UConn Law

Treating Traumatized Immigrant Children

Q&A with Julian Ford, Ph.D., Director, Center for Trauma Recovery and Juvenile Justice

Q

How is trauma impacting these young people?

They are impacted by violence in their countries of origin and on the journey to the U.S., as well as by race-related and institutional trauma in this country. Many develop a sense of fear, distrust, and even hopelessness that interferes with relationships, school, adjustment to new communities, and their physical health. These problems can persist for many years.


Q

What behaviors do they exhibit as a result?

These youth are often distrustful as a result of trauma, and can be very withdrawn or impulsive in an attempt to protect themselves from further trauma. This is a form of “survival coping,” which results from chronically not feeling safe. Justice involvement can occur when these youths feel that they must take extreme steps to protect themselves, which can lead to breaking rules — such as at school — or confrontations with law enforcement.


Q

How can physicians provide the best care to these patients?

Immigrant youths and their families, especially recent newcomers, have come to the United States in a period of turmoil and controversy that has heightened the stress they face in coming to a new country and new community. Many may feel reluctant to seek health care for fear of facing prejudice or discrimination. Providing a clear message of welcome and acceptance, in addition to showing interest in learning and respect for their culture and traditions, is essential to forging a positive treatment relationship — and can reduce patients’ anxieties and contribute to better health outcomes.

Expect that it will take some time, often several visits, for these youths and their families to feel sufficiently trusting and safe to fully and actively engage in dialogue and the treatment process. Patience and consistency on the part of the health care professional are a crucial counterbalance to the often harsh and even traumatic encounters many have had with putative helpers and institutional officials during their journey and once in the United States.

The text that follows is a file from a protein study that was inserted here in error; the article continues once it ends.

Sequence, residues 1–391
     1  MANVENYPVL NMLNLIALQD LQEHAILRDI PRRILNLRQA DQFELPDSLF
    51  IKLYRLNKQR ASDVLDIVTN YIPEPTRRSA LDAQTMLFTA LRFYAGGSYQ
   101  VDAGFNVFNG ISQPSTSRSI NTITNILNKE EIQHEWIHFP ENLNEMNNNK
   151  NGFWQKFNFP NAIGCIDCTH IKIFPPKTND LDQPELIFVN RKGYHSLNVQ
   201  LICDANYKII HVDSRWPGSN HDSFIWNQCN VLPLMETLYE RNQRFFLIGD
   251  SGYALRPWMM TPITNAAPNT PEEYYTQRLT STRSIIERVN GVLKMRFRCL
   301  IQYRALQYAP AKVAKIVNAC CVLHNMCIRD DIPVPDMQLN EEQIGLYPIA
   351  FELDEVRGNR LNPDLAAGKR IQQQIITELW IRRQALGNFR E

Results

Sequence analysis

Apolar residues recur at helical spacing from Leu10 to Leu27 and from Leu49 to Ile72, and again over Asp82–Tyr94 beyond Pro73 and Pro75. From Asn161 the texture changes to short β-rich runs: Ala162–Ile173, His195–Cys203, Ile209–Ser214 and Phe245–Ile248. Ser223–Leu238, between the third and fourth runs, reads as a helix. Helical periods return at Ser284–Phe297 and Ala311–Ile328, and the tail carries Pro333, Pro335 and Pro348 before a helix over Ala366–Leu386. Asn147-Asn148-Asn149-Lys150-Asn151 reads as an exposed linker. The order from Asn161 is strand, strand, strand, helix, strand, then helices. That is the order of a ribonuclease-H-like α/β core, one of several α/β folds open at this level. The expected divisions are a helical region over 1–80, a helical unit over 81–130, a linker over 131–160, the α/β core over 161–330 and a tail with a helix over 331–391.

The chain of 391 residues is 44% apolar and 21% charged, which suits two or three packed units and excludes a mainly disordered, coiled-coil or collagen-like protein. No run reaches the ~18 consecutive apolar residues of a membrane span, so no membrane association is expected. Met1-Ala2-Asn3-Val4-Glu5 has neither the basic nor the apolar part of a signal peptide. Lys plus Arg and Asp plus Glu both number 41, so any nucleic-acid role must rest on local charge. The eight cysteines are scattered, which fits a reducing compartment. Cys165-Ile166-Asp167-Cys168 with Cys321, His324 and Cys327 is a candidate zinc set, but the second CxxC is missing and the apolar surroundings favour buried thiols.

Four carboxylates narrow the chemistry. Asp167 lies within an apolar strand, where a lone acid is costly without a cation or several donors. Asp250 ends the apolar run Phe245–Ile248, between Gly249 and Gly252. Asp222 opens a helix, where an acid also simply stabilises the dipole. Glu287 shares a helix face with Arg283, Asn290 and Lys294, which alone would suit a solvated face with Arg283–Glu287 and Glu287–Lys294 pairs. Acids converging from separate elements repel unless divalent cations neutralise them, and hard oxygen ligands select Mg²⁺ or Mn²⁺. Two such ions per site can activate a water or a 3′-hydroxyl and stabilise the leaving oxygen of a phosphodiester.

Explaining the nature and limits of confidentiality can help reduce fears about being subject to immigration sanctions.


Q

Is there a plan in place to help youths who suffer from this type of trauma?

The National Child Traumatic Stress Network has established more than 15 programs nationally for these youths. [The Center for Treatment of Developmental Trauma Disorders and The Center for Trauma Recovery and Juvenile Justice, of which Ford is the director, are members of the network.] This network was established by the federal government in 2001, and its centers provide public education, counseling, advocacy, and behavioral health treatment services for children and families, as well as consultation to community leaders and policymakers.

How Does the Supreme Court’s Latest ACA Decision Impact Physicians?

Q&A With UConn Law Professor John A. Cogan Jr.

Q

What was the immediate effect of the Supreme Court’s ruling in King v. Burwell?

The major effect was to cement the federal government’s implementation of the law. The case dealt with a very specific issue: the subsidies offered to low- and moderate-income people. Unlike the previous ACA case, King v. Burwell wasn’t a constitutional challenge, it was based purely on a question of statutory interpretation: Could the government give out subsidies? The Supreme Court said yes. Since the constitutional and major statutory challenges have failed, we may see opponents attempt to chip away at portions of the ACA they do not like, but I think it’s safe to say we won’t see any more major cases attempting to unravel the whole law.


Q

In the wake of the decision, we saw announcements by insurer Aetna that it intended to buy competitor Humana, and then that Anthem would buy Cigna. That would bring the number of major health insurers in the U.S. from five to three, with UnitedHealth the third. How will these mergers benefit the insurance companies, and how will they affect health care providers?

The post-merger companies will each have a larger share of the market, thereby consolidating their power. Consolidation allows insurers to increase profits through efficiency gains. But these larger insurers will also gain bargaining power with healthcare providers. This is important because providers are paid directly by insurers. If you have doctors and hospitals negotiating with several different insurers, they have the ability to walk away from any one of those insurers, giving providers some leverage. But if there are only two insurers, that leverage is diminished. Major hospital systems and large physician groups will still have some bargaining power because of their size, but individual physicians will see their bargaining power diminish further.


Q

Will the effect of the mergers be in line with the intent of the law?

The ACA’s express intent was to expand coverage, and it worked. There’s nothing in the ACA regarding industry consolidation. Nevertheless, the fallout of the ACA’s expansion of coverage – efforts by insurers to consolidate market share – was foreseeable. Now that the ACA is here to stay, federal and state regulators will have to wrestle with consolidation issues.